This article needs additional citations for verification. (July 2008) (Learn how and when to remove this template message)
It is very common in Japan to give a gift of money at weddings. The giver inserts the money into a shūgi-bukuro on which they have written their name. The shūgi-bukuro is handed to the receptionist of the reception party. Shūgi-bukuro are sold at supermarkets and stationery stores.
The amount given in shūgi-bukuro differs according to the givers relationship to the couple, their social status and the style of venue. In the case of friends or company colleagues, it is usually between ¥30,000 and ¥50,000. In the case of close friends or those in a senior position at the bride or bridegroom’s company, ¥30,000 to ¥50,000 is common, and in the case of relatives, ¥50,000 to ¥100,000 is not unusual.
For married couples that attend the wedding ¥50,000 would be common, as opposed to unmarried couples where each person would give a separate amount say ¥30,000 each.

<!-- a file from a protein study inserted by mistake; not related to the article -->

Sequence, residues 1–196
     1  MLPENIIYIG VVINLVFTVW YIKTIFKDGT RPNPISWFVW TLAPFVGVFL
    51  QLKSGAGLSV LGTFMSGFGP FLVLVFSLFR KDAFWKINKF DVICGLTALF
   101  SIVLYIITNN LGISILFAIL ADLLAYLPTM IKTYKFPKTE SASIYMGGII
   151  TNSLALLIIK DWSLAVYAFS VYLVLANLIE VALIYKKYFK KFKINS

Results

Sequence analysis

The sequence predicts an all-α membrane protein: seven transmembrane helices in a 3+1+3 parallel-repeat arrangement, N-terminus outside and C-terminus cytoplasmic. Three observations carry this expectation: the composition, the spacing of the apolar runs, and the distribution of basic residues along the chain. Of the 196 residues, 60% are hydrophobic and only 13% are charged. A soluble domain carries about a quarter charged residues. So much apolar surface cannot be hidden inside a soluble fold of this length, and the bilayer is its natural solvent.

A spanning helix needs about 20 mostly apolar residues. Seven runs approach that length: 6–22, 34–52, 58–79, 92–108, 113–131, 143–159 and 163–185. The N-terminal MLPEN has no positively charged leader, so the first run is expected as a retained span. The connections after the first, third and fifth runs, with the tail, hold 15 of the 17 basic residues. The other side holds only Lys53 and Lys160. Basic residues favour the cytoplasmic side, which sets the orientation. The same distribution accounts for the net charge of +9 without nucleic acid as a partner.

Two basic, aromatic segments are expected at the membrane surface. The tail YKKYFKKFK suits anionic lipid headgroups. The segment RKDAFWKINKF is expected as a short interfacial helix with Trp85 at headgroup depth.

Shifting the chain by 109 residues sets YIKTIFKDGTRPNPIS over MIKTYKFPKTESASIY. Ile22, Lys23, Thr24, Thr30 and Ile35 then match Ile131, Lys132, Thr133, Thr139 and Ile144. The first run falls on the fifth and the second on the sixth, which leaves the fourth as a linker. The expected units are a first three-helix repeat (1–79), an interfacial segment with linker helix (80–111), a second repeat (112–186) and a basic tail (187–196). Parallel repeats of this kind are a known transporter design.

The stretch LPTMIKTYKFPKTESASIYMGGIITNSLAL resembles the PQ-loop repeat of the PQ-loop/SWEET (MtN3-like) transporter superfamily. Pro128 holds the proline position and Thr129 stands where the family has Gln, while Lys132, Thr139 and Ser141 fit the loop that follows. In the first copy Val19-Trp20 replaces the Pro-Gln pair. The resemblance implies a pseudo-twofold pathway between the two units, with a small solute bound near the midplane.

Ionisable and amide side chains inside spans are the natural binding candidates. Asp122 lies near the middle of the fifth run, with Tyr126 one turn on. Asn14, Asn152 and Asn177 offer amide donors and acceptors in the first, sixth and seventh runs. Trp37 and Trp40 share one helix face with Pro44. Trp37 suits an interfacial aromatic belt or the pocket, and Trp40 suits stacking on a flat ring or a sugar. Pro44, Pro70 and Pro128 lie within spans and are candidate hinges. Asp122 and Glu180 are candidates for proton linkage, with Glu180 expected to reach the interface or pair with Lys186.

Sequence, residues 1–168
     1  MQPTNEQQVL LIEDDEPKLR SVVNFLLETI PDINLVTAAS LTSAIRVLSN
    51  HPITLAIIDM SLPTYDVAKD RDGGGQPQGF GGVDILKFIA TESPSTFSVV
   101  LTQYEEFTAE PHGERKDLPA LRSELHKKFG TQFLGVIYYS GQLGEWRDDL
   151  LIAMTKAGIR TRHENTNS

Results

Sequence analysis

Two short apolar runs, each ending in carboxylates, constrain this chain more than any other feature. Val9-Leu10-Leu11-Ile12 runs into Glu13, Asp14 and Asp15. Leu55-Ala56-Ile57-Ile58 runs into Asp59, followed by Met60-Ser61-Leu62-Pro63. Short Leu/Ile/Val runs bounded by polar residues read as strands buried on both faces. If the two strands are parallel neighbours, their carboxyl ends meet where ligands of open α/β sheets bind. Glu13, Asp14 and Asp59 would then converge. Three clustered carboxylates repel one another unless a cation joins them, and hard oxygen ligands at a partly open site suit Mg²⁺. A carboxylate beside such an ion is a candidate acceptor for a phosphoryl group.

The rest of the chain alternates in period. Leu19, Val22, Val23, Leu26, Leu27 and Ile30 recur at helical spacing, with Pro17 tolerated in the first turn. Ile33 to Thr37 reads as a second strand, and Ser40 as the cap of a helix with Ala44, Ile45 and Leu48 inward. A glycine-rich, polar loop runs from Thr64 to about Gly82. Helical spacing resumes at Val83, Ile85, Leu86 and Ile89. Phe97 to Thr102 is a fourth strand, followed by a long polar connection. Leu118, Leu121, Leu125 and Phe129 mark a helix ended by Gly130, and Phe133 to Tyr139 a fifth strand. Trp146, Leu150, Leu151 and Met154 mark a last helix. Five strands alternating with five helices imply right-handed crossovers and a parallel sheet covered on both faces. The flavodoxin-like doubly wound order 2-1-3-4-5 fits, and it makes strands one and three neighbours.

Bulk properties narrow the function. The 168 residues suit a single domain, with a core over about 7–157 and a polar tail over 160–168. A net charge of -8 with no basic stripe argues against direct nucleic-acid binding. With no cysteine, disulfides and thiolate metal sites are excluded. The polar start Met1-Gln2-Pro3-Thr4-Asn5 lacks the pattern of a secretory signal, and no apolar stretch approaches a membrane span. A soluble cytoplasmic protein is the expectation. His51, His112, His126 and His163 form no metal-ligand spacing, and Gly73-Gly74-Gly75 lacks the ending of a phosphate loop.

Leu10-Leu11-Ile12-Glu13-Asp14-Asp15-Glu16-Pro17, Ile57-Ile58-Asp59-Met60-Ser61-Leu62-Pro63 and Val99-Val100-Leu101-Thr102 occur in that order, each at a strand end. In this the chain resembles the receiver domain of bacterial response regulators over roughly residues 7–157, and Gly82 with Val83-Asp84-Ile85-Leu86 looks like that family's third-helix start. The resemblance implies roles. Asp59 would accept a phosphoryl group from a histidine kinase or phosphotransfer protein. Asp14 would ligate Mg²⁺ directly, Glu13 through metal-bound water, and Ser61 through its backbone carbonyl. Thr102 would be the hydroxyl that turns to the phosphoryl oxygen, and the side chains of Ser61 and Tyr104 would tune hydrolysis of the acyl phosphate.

It is common to give amounts in which the leading digit(s) form an odd number, such as ¥30,000 or ¥50,000, in order to symbolize the fact that the newly married couple cannot be divided. When the leading digit forms an even number, as in ¥20,000, the amount is usually given in an odd number of bills (e.g. 1 x ¥10,000 and 2 x ¥5,000). Amounts in which the leading digit forms a multiple of 4, such as ¥40,000, are not recommended since the number 4 in Japanese can be pronounced as shi which is the same as the pronunciation of the Japanese word for death. Likewise, multiples of 9 are avoided because the pronunciation of this number can mean suffering.
- Hóngbāo, the Chinese equivalent